Amniotic Fluid Embolism
Amniotic fluid embolism (AFE) is extremely rare obstetric complication. This illness occurs when amniotic fluid, fetal cells, fetal hair, or other debris from the fetus enters the mother’s blood stream. The interaction of these particles with the mother’s blood triggers an allergic reaction. This reaction results in cardiorespiratory collapse and coagulopathy. AFE is one of the most common causes of maternal mortality in the world.
There are two phases of progression. During the first phase the individual will experience acute shortness of breath and hypotension. Quickly the heart begins to fail and it dilates and there is a reduction in oxygen to the heart and lungs. Patients will eventually go into a coma, and most do not survive past this first stage.
Some patients will make it beyond the first stage into the second phase, also known as the hemorrhagic phase. This phase is characterized by shivering, coughing, vomiting, and a bad taste in the mouth. As the name suggests the most important characteristic of this phase is the excessive bleeding due to an inability of blood to clot. As the cardiovascular system function deteriorates the fetus will go into distress; death will be imminent unless the child is delivered.
AFE is highly unpredictable and often occurs during delivery and labor or in the immediate post-partum period. It is difficult to control if it occurs during labor and delivery as the physician’s main goal in to safely deliver the baby. There are four main criteria that help identify this catastrophic complication: acute hypotension, acute hypoxia, coagulopathy or severe hemorrhage, having these complications occur during labor/delivery or within 30 minutes post-partum.
While there is no perfect certainty as to why this illness occurs, there are a few events that need to occur to allow amniotic fluid to enter the uterine veins. These include membranes rupture, ruptured uterine/cervical veins, and a pressure gradient from the uterus to the vein.
Fetal tissue present in the maternal bloodstream is not uncommon. Typically, tests will reveal that at least some small amount is always present in the maternal blood flow. However, for a few individuals this might cause a complex chain reaction in which the mother becomes allergic to the particles and soon dies.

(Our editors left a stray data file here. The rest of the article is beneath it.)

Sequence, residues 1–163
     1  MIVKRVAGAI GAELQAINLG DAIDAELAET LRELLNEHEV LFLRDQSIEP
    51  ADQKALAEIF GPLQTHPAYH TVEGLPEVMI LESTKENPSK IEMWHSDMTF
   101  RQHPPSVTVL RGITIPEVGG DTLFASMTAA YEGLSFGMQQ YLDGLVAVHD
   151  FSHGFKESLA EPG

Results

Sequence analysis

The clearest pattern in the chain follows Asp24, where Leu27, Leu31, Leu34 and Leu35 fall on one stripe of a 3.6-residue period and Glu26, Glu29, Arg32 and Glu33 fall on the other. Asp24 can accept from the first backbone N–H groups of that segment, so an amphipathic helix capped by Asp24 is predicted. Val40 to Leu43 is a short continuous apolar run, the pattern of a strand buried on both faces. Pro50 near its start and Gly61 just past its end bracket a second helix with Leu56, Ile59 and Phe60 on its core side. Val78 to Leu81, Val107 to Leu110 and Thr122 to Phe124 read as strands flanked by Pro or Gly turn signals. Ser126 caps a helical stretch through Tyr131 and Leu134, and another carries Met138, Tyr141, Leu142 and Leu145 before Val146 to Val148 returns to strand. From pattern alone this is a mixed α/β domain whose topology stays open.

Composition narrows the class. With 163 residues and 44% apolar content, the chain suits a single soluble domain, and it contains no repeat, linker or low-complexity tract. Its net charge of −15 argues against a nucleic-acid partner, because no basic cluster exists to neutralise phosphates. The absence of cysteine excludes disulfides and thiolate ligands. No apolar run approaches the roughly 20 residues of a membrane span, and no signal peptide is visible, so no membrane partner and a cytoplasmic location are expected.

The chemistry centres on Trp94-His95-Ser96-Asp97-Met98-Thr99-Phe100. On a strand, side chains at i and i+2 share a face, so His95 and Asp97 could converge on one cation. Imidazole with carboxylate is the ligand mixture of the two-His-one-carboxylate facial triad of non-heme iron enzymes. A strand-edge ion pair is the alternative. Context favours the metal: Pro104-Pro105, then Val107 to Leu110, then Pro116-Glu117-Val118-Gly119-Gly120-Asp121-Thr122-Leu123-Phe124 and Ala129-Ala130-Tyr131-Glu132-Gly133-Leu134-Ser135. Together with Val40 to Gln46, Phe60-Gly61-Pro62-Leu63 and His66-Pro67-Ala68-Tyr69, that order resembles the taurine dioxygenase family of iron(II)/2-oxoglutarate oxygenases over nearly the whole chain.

There are several risk factors associated with AFE. These include:
- multiparity-having the development of two or more child in one gestational term, or having given birth to more than two children,
- maternal age-increased age is associated with increased risk,
- male fetus,
- intrauterine fetal demise-medical term for the condition of a baby that has died in the womb,
- amniotomy-artificially breaking the fetal membranes prior to childbirth to induce delivery,
- placental abruption-when the placenta separates from the mother’s uterus,
- chorioamnionitis-an inflammation of the fetal membranes caused by bacterial infection,
Signs & Symptoms
Some symptoms that might lead a health care professional to be suspicious of AFE include:
- acute-onset respiratory distress,
- hypoxemia or cyanosis-low oxygen levels or the presence of bluish skin due to low oxygen,
- seizures or coma.
Unfortunately, there is no medical test that can positively confirm the presence of amniotic fluid embolism. However, as is the case with innovative medical techniques, health care professionals are often able to make a diagnosis of exclusion. This means that they rule out other possibilities via testing. One example of very prominent exclusion criteria is the presentation of acute cardiorespiratory collapse or hemorrhase in the last period of gestation. Possible issues include septic shock, myocardial infarction, aspiration, or placental abruption.
Certain laboratory tests may help in providing physicians with the idea that complications a mother-to-be is experiencing are a result of AFE. Some of these tests include blood count, arterial blood gases, chest x-ray, VQ scan, EKG and echocardiogram. Also, doctors may be able to perform an examination of the cervix looking for the presence of amniotic fluid debris by taking hysterectomy specimens.
Ventilation/perfusion (V/Q) lung scans, also known as a V/Q scan, is used to examine the circulation of air and blood within a patient’s lungs. The scan requires the use of two nuclear tests. This means that two medical isotopes are used to detect the flow of breathing (ventilation) and blood circulation (perfusion) in the lungs. Having these scans performed will require that a patient either inhale or have injected radioactive material (isotopes) so that ventilation and perfusion can be detected and analyzed on the scans. In patients with AFE, VQ scans are typically revealed as decreased perfusion.
There is no treatment that can reverse AFE. However, physicians are able to help manage the condition by providing those women afflicted with transfusion of red blood cells (RBCs), fresh frozen plasma and clotting factors, and ventilation and circulatory support. These treatments given will help to replace blood lost and reverse the coagulopathy. This complication is responsible for approximately 10% of maternal mortality in the US. However, with early diagnosis it is often manageable.